About the Photographer
British, b. 1967
Sam Taylor-Wood creates photographs of the human body that forge a connection between physical and emotional states of being. Using herself as the subject in many of her works, the artist twists her figure into a range of precarious poses that suggest moments of rapture within spaces of ordinary existence.
In the self-portrait Escape Artist in Levis (2008), Taylor-Wood appears nearly weightless, levitating with the pull of only a few helium balloons. The impossible physics of this image were conceived by the artist in the wake of her recovery from breast cancer, her second encounter with the disease after battling colon cancer a few years earlier. Drawing on her own sense of “freedom from the constraints of illness,” Taylor-Wood shows her body dangling with arms wide open, seeming both transcendent and fragile. Rope supports were used during the production of the image and later digitally removed, creating a seamless depiction of both the exterior physical tension and interior psychology of illness and recovery.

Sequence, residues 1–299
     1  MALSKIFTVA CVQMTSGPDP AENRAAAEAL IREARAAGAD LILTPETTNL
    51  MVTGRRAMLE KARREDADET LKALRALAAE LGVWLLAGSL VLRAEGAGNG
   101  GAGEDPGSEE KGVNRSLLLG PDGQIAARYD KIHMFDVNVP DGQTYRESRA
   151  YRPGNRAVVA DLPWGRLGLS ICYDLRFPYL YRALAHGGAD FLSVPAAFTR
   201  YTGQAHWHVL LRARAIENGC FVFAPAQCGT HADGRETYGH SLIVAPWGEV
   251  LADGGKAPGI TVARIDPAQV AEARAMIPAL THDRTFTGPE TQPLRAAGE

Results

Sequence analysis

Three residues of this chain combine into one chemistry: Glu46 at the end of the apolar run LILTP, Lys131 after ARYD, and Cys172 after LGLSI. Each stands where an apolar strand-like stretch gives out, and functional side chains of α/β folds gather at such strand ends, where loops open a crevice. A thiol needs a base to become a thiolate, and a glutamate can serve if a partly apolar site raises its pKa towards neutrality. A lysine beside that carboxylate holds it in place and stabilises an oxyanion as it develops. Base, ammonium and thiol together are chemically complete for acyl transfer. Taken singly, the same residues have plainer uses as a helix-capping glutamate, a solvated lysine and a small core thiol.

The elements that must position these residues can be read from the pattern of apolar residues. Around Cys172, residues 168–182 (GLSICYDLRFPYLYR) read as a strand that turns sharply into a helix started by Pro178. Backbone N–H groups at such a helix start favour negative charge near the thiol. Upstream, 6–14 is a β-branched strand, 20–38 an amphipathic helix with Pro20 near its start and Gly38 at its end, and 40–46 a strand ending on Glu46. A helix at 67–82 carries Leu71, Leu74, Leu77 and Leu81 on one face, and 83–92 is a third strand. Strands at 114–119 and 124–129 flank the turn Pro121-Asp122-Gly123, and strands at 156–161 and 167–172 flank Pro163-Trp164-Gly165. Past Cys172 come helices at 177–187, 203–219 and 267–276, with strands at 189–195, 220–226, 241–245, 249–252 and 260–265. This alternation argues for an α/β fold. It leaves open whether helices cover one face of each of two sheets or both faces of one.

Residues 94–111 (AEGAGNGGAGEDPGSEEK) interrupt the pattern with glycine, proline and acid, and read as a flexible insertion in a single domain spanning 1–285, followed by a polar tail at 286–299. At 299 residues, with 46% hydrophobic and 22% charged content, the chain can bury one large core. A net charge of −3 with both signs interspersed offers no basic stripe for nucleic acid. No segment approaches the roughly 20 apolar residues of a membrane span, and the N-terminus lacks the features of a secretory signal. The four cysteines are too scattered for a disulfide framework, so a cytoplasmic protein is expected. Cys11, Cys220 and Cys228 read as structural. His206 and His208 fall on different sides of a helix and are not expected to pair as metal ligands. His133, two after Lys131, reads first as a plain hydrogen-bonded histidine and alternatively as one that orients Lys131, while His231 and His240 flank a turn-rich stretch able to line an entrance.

Sam Taylor-Wood was born in London in 1967. Her works have been exhibited extensively including solo shows at Kunsthalle Zurich (1997), Hirshhorn Museum and Sculpture Garden, Washington DC (1999), MCA, Moscow (2004), BALTIC, Gateshead (2006), MCA Sydney (2006) MoCA Cleveland (2007) and the Contemporary Art Museum, Houston (2008). She was awarded the Illy Café Prize for Most Promising Young Artist at the 1997 The Venice Biennale and was short listed for the Turner Prize in 1998. In addition to her photographs, Taylor-Wood has created a number of videos and short films.